They marched to the beat of a different drummer.
At its height, around the time of World War I, the Legion of Frontiersmen (LF) boasted approximately 13,000 members throughout the British Commonwealth.
Originally a paramilitary organization, the LF served as an auxiliary force to the British Army providing mounted rifles, military scouts, local guides, military labour and intelligence gathering.
In Canada during the first War, LF members served alongside and within Canadian regiments and participated in home front war efforts.
During the interwar period the ranks declined significantly, but rebounded during World War II. After the war, membership steadily dwindled and the focus shifted to auxiliary municipal policing, civil defence training, community service, ceremonial activities and social opportunities for veterans.
By the 1990s the corps had all but faded away except in a few small pockets including Moose Jaw, but by 2008 that unit too was history.
By most accounts LF members were adventurous individualists—perhaps even eccentric—who were fiercely patriotic to the British Empire.
“I have some knowledge of the Legion of Frontiersmen in this country,” wrote Col. H.R. Pownall, a British military officer stationed in Hong Kong in 1930. “They are mostly, but not entirely, men of middle age, or older, who have “knocked about” a good deal and like the glamour of a Stetson hat, boots and breeches, and a revolver holster, who, to their great credit, wish to have a useful function in emergency but are of too independent a spirit to stomach the bonds of army discipline in peace.”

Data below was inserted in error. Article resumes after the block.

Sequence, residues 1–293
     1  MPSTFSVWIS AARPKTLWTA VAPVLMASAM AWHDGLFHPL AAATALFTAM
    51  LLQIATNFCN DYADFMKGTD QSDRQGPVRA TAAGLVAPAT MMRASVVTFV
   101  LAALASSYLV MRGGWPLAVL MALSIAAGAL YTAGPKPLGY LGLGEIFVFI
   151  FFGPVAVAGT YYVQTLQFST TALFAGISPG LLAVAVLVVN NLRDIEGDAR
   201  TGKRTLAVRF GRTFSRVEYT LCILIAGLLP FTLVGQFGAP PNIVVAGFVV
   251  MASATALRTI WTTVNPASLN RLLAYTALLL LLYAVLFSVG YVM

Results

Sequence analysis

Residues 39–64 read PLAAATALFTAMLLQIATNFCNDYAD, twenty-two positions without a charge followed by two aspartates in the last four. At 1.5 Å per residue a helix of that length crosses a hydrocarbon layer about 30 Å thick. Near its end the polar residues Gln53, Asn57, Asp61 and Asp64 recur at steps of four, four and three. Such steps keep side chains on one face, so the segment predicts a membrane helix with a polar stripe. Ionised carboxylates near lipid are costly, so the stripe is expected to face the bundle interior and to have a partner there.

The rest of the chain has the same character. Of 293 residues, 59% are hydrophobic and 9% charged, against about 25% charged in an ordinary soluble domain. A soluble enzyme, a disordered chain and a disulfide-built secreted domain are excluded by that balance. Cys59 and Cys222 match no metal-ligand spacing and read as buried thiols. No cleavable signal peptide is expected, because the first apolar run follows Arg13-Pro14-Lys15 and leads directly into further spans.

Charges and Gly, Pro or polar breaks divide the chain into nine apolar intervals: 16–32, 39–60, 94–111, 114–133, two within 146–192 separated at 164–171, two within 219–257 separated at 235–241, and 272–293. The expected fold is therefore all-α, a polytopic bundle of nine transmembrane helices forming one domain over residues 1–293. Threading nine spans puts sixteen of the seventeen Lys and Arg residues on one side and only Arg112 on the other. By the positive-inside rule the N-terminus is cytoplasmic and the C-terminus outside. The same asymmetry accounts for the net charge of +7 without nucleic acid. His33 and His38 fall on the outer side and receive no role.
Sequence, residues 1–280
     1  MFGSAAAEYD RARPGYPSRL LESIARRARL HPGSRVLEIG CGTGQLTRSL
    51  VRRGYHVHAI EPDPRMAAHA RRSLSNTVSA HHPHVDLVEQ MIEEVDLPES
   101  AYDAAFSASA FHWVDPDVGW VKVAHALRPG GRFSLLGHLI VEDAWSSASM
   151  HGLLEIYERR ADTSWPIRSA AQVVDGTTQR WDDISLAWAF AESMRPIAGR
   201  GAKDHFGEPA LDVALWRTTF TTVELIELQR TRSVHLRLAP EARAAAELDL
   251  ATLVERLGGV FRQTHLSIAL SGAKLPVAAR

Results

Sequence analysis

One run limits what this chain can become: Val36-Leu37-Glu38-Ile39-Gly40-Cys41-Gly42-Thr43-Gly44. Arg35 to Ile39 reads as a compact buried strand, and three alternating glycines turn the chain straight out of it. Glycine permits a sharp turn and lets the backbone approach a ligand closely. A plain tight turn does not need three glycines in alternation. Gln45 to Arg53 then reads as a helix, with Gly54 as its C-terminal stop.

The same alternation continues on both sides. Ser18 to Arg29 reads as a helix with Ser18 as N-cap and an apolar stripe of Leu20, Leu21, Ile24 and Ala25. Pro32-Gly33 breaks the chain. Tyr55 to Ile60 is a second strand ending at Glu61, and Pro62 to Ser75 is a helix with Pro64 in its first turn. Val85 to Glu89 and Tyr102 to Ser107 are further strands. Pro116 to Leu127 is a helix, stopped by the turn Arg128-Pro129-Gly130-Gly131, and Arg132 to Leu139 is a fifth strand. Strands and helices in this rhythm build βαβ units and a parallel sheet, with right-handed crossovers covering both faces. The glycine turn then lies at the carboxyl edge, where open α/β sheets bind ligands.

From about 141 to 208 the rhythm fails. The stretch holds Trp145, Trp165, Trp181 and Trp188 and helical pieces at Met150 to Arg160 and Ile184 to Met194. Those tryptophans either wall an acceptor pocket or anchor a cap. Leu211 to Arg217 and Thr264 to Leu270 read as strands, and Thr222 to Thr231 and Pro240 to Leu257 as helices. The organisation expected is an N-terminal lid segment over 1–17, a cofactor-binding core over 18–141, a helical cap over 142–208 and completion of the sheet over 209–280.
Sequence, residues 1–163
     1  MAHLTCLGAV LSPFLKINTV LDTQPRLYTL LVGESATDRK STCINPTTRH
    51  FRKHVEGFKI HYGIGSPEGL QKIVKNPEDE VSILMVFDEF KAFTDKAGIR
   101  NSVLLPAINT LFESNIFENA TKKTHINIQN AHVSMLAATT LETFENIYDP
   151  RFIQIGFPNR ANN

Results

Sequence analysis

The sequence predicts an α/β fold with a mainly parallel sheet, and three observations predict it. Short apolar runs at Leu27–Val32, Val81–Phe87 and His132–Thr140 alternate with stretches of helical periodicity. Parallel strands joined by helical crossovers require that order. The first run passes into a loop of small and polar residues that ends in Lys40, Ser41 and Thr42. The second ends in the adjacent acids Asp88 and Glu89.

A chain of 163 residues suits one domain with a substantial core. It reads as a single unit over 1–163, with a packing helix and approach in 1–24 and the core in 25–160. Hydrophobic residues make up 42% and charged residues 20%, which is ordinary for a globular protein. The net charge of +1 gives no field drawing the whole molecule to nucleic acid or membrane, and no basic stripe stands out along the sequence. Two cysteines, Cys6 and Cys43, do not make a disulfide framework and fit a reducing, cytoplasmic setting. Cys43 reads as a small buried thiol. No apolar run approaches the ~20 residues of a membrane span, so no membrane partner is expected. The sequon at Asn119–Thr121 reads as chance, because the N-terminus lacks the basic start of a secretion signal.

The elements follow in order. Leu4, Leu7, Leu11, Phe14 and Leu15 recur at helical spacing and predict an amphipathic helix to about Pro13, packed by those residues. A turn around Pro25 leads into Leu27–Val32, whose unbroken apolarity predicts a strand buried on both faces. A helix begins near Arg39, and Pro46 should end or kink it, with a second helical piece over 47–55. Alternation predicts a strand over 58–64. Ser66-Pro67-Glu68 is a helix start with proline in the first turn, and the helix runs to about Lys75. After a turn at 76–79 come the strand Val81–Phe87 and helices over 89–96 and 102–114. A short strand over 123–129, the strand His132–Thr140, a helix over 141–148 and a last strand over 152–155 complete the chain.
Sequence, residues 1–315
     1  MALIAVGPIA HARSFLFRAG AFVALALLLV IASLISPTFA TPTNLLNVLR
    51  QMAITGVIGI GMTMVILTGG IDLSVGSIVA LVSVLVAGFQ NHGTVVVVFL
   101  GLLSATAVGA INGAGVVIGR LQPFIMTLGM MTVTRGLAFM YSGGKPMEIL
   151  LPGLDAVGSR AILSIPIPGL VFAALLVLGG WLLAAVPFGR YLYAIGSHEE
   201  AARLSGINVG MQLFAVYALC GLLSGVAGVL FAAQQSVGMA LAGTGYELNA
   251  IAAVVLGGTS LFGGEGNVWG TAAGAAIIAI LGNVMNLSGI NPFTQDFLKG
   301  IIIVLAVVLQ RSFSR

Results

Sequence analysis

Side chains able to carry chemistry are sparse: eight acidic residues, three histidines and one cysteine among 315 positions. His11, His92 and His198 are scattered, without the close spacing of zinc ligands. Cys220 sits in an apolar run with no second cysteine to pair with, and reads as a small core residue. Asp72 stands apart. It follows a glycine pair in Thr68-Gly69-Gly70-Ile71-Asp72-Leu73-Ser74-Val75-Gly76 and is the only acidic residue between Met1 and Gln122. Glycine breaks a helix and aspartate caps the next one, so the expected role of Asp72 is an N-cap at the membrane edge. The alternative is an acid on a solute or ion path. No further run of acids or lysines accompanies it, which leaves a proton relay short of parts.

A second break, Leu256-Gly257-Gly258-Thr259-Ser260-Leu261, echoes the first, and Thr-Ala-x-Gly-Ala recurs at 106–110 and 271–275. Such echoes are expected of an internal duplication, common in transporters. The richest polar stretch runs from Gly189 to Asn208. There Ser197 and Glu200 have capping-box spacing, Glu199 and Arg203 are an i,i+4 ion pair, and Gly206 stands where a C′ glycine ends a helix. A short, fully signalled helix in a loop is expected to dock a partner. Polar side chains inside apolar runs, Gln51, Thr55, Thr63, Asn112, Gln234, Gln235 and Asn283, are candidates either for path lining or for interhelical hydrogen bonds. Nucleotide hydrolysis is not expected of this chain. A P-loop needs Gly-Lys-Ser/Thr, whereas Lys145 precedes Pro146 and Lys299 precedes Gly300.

This is an apt description of Melville’s Merv Wog.
Wog has “knocked around” a bit, from films to security to writing books. He even fancies himself a “ghost detective,” offering a service of confirming or debunking ghost sightings in the area.
Wog grew up in Moose Jaw in the 1960s, the subject of a trilogy of books he has recently written. In the early 1970s he started a film company in Yorkton, but “that didn’t go anywhere,” he said, so in 1976 he got into the security business until in the mid-1980s when he was back making films, this time in Moose Jaw.
That is when he first came in contact with the Frontiersmen spending about a year-and-half with the organization.
After returning to the Yorkton area, however, he lost track of the LF and following the second stint in the movie business got back into security, eventually opening his own firm.
After shutting down the company and retiring, he found he was bored.
“I guess retirement, looking at four walls kind of got to me,” he said. “I wanted to go back into security.”
He started to look for the Frontiersmen again, but found they were no longer operating in the province. He tracked down the former commander of the Moose Jaw unit and bought the uniforms from him.
Now, Wog wants to get the organization going again and is looking for recruits.
He envisions the new unit providing auxiliary support to the RCMP, although municipal detachment commander Sgt. Rob Laurent said he cannot imagine the provincial brass going for it.
Nevertheless, Wog still sees a role for the organization providing assistance to the community, security for special events and private security along the lines of what the Commissionaires do.
Despite his enthusiasm and an offer of free security guard training for recruits, Wog hasn’t had much luck finding candidates.
“It is a big challenge because no one has ever heard of the Frontiersmen,” he explained. “They don’t know what the Frontiersmen represent or how they got started.”
Anyone who does want to know more can contact Wog at 306.730.0106.